All western schoolchildren have heard of Sacagawea, and even more know the story of Pocahontas either from class or the Disney movie. But who was the great – and comparatively unknown – Marie Dorion? No less than one of the most resilient, courageous, and frankly badass women in history. Dorion (1786 – 1850) was the daughter of a French Canadian father and a Native American mother. A seasoned survivalist, she would go on to become the only female member of John Jacob Astor’s legendary Astoria expedition, whose goal was to establish the first trading post at the mouth of the Columbia.
Along with her husband, Pierre Dorion, and a band of trappers, Marie traversed mountains, plains, and raging rivers – all with her small children in tow. Stranded after her spouse and the other members of her party were killed and scalped, Marie and her two young sons set out against all odds across a glacial winter landscape. It was a brutal journey that has more than earned its place in the epic-odyssey canon.
Today, the story of Marie Dorion and the Astoria expedition, or the story of Marie Dorion and John Jacob Astor, is the stuff of towering and underappreciated history. Read on to find out more.
Marie Dorion Set Off Into The Wilderness Again In 1813 - And Things Didn't Go Well
In July of 1813, a year and a half after their first expedition ended, Marie and her family set out for present-day Idaho on a beaver trapping mission. This time, Marie and her children remained at the base camp for a time while Pierre staffed a smaller trapping camp a few days' ride away, and all went well. But after a Shoshone Indian (who had become friendly with Marie) warned her that a band of Bannocks were going forth and systematically burning trappers' camps, Marie saddled up her horse like a Gothic heroine and rode out – children in tow – to warn her husband of the impending danger.
She Left Her Camp On A Mission, And When She Returned, Everyone Was Dead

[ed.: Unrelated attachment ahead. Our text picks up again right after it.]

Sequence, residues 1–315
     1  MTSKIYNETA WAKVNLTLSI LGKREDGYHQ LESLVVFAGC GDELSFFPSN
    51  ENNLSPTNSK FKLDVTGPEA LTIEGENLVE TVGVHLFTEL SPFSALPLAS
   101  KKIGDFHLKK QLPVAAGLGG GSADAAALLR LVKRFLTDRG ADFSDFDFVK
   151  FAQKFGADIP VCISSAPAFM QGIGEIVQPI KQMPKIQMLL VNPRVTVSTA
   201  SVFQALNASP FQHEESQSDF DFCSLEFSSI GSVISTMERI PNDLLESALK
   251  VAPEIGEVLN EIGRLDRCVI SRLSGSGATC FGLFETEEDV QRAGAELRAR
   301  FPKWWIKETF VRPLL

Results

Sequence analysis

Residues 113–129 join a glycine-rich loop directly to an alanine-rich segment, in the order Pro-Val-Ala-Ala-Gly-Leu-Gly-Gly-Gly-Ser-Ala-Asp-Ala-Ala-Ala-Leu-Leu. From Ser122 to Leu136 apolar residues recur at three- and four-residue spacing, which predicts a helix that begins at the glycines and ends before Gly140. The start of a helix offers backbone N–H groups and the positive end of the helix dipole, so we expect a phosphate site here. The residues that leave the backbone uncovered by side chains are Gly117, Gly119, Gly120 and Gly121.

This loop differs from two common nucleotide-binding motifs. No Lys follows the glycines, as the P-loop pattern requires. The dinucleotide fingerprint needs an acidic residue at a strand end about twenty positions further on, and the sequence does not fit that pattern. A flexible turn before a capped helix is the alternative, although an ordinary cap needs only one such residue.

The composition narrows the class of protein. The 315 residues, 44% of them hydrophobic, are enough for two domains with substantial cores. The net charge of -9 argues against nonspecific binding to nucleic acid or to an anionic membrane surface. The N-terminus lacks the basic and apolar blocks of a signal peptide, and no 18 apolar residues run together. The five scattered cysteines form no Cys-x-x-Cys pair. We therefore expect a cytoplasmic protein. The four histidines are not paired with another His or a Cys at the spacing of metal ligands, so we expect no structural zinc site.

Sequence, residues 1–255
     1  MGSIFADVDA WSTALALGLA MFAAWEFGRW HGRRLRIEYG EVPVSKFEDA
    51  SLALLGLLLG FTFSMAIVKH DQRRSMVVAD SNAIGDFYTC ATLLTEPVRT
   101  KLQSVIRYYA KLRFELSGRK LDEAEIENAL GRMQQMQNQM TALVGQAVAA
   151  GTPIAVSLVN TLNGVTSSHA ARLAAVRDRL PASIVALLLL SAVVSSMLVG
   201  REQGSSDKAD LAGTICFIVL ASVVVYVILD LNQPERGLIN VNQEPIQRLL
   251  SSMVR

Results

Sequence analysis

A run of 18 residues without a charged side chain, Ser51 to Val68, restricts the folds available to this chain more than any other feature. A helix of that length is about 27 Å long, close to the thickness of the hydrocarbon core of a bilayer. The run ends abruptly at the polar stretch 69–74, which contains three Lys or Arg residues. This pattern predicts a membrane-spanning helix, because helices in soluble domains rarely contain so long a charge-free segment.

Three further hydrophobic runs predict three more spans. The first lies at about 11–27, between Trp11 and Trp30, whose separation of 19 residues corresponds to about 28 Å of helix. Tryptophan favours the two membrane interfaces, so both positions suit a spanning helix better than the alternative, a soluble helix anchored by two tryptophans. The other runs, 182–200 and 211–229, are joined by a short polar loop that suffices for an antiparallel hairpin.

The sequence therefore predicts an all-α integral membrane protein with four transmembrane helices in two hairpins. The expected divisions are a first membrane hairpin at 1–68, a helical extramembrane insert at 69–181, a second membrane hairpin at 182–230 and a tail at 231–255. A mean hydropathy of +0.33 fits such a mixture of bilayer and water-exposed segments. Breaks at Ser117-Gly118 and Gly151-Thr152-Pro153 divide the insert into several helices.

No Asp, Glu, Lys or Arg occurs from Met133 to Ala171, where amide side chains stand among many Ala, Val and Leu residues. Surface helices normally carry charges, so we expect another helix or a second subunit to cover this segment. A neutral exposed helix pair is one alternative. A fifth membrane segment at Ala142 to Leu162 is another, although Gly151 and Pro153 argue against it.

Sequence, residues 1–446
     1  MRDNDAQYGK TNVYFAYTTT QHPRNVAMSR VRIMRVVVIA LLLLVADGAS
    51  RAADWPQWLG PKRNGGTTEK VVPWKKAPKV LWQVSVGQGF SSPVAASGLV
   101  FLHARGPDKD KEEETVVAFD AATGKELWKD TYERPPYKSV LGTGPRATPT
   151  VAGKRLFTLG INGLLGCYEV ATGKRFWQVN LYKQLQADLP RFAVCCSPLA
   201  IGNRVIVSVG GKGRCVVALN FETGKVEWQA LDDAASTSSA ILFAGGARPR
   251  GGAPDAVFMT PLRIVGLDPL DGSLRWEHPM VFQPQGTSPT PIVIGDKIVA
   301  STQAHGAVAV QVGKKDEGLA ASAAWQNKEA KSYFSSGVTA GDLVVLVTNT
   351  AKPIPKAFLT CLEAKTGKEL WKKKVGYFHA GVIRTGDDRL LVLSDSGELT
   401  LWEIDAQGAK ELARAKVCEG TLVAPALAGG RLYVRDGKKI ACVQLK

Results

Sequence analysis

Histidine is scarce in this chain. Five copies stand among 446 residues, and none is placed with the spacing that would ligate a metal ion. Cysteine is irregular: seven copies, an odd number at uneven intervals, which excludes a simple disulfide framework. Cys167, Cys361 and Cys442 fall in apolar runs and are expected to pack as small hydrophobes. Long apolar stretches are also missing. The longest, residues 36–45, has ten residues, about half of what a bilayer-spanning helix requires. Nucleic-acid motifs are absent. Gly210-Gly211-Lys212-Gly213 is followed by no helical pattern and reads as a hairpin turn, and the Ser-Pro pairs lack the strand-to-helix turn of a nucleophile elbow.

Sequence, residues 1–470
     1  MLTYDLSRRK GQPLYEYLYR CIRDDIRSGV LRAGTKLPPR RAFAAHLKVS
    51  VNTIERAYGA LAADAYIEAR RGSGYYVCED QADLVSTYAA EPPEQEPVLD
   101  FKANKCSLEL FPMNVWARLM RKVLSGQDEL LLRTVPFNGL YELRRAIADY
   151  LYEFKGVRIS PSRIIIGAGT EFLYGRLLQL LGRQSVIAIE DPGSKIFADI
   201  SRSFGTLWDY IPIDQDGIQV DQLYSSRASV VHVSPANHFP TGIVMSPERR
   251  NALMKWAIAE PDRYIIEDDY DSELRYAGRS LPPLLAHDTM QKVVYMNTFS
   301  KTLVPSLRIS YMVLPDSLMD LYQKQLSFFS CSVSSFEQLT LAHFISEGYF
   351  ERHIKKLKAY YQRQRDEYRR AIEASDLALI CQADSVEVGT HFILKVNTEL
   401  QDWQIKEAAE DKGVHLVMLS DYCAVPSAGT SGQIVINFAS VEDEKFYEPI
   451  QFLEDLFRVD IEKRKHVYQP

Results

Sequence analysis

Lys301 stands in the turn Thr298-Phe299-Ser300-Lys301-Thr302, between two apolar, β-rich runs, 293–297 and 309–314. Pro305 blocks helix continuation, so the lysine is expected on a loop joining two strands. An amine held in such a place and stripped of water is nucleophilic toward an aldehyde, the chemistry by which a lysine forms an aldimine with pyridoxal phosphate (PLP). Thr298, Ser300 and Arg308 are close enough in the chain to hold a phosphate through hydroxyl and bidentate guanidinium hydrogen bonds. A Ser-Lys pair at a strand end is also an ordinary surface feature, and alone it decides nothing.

When Marie reached her destination three days later, she discovered that her husband's party had been ambushed and slaughtered. One of the men, Giles LeClerc, was still alive and wounded. So Marie strapped him to a horse and guided the animal back to the base camp, through three days of arctic winter tempests.
Despite Marie's best efforts, LeClerc perished en route. But what happened next was even more horrible. Upon arriving back at the base camp, Marie found that the inhabitants there had also been murdered, mutilated, and scalped.
She Walked 250 Miles In 53 Days Through Horrible Weather Conditions
Faced with a camp full of corpses, Marie and her children set out for civilization and refuge in the dead of winter. After almost ten days of traveling, their expedition was halted by the deep mountain snows. Marie built a shelter of wood and animal skins, but shortly thereafter, the family ran out of food. Marie was forced to kill their two horses, whose meat they subsisted upon for 53 days.
She And Her Children Successfully Navigated The Winter Wilderness
When spring came, they set out once again, this time on foot, but got caught in a surprise blizzard. The children's feet were bleeding and they were too debilitated to go on, so Marie chose to burrow a hole and line it with fur. She placed her sons inside and ventured out on her own to find help. She was found, dogged and partially snow-blind, by the Walla Walla tribe, who took her in and sent a party to rescue her sons. Finally, she was reunited with a Fort Astoria group who relocated her and her children to Fort Okanogan in present-day Washington.